The truth is, I’m trying to find the time to blog between everything else in the first place. Time takes on a new meaning when you have kids—you’re more efficient than you thought humanly possible. We do a lot of activities with our kids—I’m not the kind of mom who likes to sit at home and play. People always ask how I have the energy to go out and do things on the weekends—and it’s because I don’t have the energy to sit at home and play barbies. I’m not with my kids all the time, so I’m always thinking, how can I be the best mom possible when I do have them? If I was home I’d want to be on my computer. That’s in my nature and I’m forever trying to figure out how to remove myself from that. I find that feeling of always being connected difficult—and think that learning to disconnect will be the next learning curve for people. It’s a blessing and a curse:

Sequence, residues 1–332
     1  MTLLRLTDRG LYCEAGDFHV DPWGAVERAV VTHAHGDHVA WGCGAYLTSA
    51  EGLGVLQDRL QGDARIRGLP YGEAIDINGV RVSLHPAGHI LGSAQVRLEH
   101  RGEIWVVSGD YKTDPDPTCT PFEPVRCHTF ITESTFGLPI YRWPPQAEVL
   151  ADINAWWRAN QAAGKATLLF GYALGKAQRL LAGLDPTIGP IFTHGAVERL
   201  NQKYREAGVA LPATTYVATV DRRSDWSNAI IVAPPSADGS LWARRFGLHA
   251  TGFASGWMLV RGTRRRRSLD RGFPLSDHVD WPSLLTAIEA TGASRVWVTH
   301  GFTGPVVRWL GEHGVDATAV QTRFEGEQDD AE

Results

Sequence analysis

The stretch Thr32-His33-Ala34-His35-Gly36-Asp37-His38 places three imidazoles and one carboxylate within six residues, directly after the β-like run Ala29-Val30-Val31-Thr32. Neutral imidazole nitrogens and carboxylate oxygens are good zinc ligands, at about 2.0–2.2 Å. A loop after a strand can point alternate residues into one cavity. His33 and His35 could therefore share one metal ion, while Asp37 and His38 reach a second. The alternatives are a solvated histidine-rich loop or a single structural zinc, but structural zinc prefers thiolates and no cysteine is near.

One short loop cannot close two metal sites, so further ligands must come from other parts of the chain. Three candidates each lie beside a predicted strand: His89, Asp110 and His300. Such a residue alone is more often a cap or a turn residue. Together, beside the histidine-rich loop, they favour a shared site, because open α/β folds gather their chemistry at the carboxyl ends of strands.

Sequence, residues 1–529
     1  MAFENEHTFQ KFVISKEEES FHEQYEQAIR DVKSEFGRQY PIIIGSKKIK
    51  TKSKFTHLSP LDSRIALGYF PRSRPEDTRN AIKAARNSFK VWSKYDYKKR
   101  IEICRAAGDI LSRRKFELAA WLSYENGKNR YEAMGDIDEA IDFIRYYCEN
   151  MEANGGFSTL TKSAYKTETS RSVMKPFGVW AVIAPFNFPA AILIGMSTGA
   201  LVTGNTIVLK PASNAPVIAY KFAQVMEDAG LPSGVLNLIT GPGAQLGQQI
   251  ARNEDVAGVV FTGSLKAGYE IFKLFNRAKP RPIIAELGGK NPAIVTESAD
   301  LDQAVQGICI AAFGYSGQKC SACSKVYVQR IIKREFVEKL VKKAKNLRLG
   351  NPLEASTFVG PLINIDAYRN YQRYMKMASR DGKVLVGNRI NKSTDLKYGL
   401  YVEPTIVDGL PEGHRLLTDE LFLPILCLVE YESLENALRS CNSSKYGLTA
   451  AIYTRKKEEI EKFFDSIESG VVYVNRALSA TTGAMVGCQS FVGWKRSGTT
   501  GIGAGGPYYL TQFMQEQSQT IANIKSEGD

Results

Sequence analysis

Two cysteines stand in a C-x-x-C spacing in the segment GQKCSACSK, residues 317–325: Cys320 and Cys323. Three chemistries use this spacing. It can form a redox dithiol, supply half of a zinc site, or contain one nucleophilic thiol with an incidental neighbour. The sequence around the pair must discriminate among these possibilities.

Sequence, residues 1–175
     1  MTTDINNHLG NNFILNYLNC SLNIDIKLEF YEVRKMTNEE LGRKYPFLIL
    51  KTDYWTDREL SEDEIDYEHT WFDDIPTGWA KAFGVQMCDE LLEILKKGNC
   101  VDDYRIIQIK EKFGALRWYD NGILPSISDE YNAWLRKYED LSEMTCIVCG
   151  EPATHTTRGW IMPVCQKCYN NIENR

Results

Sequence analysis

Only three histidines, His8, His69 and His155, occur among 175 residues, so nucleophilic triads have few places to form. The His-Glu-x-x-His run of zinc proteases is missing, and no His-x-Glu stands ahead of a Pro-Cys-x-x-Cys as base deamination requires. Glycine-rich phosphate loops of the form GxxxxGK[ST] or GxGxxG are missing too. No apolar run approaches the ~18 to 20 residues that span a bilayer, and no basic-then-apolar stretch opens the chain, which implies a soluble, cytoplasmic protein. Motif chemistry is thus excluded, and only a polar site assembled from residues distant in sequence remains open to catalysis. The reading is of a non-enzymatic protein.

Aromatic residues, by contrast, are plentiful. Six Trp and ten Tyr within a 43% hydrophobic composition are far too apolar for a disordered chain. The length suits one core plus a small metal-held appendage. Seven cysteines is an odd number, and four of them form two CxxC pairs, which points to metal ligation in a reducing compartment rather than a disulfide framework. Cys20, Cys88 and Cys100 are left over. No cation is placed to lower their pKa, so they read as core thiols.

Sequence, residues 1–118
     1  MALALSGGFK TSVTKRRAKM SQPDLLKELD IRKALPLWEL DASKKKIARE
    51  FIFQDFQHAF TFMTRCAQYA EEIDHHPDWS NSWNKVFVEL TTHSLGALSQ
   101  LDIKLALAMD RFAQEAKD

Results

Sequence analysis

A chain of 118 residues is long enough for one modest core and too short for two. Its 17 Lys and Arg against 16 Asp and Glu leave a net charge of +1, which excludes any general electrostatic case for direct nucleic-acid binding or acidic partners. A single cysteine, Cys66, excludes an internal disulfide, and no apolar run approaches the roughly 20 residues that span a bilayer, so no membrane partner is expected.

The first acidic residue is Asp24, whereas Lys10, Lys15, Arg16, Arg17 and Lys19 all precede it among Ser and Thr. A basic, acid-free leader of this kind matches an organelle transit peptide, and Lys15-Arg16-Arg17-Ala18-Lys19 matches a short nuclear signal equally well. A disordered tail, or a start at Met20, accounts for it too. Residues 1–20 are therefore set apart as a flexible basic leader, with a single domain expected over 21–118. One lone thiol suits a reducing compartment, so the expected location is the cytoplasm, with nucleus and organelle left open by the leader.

I’m always connected to work and I’m always connected to family, but I never feel like I can breathe.
We have this approach at work that is aimed at creating balance—in that we’re always connected, so we can work from anywhere. But what if I don’t want to work from anywhere? It stresses me out that there are no boundaries, those lines are so blurred now.
I’ve always been that way—naturally work-inclined—but my husband and I always said that 5 years into marriage would be the right time for us to have kids. And we stuck to it, almost to the day. I didn’t put my life on hold either—I flew to China to shoot a DVF campaign at 6 months pregnant, and left DVF for Kate Spade at 8 months along. I think being aligned in a relationship and having the same goals helps more than anything. My husband and I knew we wanted to have at least two kids and that we wanted to be young parents. We also knew life would change and didn’t have any false realities about that. We didn’t know exactly how, but knew things would be different. We knew it was going to get harder, that life would get complicated, but we also knew that we were passionate about being parents. Since becoming a mom, I’ve learned so much about myself, and in many ways, the life we have now is not how I expected it would turn out to be.